Name: Leila Janah
What is your job? Trying to run Samasource without losing my mind.
What social causes are most important to you?
Samasource connects women, youth and refugees in the poorest parts of the world to livelihoods via the Internet. “Sama” is Sanskrit for equal – we think that everyone deserves a chance to have a decent job. I think the best way to end poverty is to give work.
What charities do you support – and how?
Samasource encourages people to vote with their wallets, and I try to follow that philosophy more broadly by buying from companies that source from marginalized people and treat them fairly. My favorites are Goodwill (which I support through a healthy obsession with vintage clothing and furniture), World of Good, an online fair trade marketplace with awesome products, and Kazuri, a Kenyan shop that sells beads made by local women.
Why do you have a passion for this one in particular, is there a personal tie?
When I was 16, I used a scholarship from a big tobacco company to spend six months teaching in Ghana. My students were incredibly bright, but forced to do menial work for little pay simply because they had lost the birth lottery. They didn’t want handouts; they wanted opportunity. It is my mission in life to give work to the people who need it most.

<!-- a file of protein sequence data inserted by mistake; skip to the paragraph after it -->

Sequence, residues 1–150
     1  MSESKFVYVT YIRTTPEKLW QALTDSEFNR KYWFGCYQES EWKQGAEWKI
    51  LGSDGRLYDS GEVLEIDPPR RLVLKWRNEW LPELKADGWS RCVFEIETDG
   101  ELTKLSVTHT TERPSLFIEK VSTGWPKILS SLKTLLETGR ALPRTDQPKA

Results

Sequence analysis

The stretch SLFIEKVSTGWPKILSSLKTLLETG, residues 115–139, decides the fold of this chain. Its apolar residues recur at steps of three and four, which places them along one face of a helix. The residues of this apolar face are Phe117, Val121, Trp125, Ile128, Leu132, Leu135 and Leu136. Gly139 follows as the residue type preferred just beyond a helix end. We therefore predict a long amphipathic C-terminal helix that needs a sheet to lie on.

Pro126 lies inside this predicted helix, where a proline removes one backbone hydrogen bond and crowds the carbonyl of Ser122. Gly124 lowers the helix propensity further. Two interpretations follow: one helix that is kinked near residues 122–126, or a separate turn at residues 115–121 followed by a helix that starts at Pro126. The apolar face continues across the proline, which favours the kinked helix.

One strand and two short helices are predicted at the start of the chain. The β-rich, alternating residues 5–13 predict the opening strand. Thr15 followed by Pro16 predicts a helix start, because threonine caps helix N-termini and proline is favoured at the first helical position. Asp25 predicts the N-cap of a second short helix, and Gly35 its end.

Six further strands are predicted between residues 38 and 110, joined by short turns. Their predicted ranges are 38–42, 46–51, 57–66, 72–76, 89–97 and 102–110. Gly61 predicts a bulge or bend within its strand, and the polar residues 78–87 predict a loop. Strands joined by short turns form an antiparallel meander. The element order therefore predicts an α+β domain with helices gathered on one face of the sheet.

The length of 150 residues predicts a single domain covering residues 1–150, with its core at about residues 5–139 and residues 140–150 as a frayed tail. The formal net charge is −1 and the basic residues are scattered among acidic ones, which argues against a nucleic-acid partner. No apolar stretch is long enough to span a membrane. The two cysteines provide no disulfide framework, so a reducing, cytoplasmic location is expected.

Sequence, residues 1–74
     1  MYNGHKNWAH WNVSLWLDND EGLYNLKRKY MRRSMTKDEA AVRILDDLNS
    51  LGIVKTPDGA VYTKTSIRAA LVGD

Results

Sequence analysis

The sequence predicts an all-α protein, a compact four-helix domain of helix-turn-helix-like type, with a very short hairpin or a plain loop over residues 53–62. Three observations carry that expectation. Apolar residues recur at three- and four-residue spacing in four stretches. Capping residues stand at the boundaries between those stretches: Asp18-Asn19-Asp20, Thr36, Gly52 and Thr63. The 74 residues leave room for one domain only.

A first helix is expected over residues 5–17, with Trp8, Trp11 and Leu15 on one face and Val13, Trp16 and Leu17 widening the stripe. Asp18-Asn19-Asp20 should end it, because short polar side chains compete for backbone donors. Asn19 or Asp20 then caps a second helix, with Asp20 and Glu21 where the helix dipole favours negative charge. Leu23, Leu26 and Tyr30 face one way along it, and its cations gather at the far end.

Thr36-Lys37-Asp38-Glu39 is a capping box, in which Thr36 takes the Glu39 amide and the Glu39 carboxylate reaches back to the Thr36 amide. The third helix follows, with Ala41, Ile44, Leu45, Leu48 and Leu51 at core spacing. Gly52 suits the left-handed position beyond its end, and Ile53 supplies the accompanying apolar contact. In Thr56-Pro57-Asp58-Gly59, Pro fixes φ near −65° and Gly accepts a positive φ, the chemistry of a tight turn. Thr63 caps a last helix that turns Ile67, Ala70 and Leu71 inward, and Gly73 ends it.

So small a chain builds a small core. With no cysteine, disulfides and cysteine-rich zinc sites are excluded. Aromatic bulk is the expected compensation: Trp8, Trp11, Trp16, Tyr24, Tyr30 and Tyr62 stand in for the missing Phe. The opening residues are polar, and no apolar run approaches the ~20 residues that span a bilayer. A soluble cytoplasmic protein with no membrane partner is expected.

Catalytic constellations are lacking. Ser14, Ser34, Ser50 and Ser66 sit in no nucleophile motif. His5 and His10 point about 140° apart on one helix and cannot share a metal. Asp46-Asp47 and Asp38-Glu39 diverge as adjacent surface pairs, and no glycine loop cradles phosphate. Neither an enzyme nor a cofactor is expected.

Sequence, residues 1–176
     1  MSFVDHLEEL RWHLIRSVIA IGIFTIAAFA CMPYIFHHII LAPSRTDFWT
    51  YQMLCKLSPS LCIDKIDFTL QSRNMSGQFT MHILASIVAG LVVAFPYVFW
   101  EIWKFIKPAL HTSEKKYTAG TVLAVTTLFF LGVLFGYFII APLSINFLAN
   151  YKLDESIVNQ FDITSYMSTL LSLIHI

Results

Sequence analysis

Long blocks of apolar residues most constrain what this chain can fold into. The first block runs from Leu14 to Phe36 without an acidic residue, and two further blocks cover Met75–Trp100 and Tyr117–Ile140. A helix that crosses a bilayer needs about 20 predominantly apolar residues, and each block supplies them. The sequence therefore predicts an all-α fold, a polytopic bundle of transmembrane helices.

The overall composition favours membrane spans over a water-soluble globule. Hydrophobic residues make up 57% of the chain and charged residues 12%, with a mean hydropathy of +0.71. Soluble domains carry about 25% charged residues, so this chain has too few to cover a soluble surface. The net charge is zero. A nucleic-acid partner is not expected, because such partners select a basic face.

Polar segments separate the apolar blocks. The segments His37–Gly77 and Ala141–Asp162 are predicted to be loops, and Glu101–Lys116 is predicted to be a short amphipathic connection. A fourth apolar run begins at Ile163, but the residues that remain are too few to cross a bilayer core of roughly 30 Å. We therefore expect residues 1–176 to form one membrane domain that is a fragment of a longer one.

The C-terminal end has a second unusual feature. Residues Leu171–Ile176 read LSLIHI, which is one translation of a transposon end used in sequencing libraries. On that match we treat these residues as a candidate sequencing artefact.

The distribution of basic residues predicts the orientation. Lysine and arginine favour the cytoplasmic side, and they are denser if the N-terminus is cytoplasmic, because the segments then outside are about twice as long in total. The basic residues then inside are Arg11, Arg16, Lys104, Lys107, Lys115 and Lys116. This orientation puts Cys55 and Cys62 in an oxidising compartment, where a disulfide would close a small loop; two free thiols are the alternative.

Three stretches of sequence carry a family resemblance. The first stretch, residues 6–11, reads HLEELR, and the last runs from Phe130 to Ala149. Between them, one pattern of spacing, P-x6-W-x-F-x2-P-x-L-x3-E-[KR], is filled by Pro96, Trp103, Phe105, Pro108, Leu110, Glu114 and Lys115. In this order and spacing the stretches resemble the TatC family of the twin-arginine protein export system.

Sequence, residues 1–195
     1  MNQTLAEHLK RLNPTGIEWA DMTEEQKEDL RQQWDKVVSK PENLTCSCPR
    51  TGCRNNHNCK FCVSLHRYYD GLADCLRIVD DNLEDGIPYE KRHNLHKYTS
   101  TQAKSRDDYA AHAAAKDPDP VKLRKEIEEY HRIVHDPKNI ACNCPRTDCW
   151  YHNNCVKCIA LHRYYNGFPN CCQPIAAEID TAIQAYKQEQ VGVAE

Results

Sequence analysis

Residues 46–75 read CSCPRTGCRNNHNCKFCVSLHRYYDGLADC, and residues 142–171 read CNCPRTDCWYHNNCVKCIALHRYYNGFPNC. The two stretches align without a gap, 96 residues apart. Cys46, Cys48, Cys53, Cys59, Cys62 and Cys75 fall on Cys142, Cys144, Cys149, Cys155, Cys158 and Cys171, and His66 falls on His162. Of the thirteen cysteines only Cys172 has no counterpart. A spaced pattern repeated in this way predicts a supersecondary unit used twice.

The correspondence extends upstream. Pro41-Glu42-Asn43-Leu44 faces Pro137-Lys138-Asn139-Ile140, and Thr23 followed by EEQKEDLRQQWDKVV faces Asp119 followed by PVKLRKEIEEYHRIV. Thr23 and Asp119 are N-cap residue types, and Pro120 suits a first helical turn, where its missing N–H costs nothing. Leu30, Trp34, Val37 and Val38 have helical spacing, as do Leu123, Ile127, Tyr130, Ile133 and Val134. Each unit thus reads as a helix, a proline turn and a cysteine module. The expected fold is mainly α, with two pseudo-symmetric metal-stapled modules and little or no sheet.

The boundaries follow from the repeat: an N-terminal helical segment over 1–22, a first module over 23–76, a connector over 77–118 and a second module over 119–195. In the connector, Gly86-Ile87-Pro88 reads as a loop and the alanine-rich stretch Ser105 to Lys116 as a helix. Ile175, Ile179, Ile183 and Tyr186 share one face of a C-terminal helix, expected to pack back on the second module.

Is there a particular way you would want to encourage readers to be involved?
Think about where you buy your stuff, and how much workers are paid to make it. At the root of a range of social problems, from the drug trade to sex trafficking, is a lack of good jobs for poor people. We can choose to buy things from companies that provide decent employment to people and give workers a share of the profits. This is often far more powerful than writing a check to a charity that pulls at our heartstrings. Dollars speak louder than words.
How would you define social responsibility?
Social responsibility means understanding the true consequences of how we spend our money. It’s being intimate with the supply chains that produce our stuff, and demanding accountability from the companies that we purchase from. Many people don’t realize that when tomatoes are ten cents cheaper this year than last year, it might be because the people that pick them are no longer being paid a living wage.
Do you have any tattoos that relate to your social/charitable beliefs/work?
Yes: I have the Sanskrit characters for “sama,” or “equal,” tattooed on my right wrist.
I love Tamding, the Tibetan artist who did my tattoo in Dharamsala, India.
Learn more – see Leila getting inked by Tamding and heidiminx’s video interview with her by clicking the YouTube link below.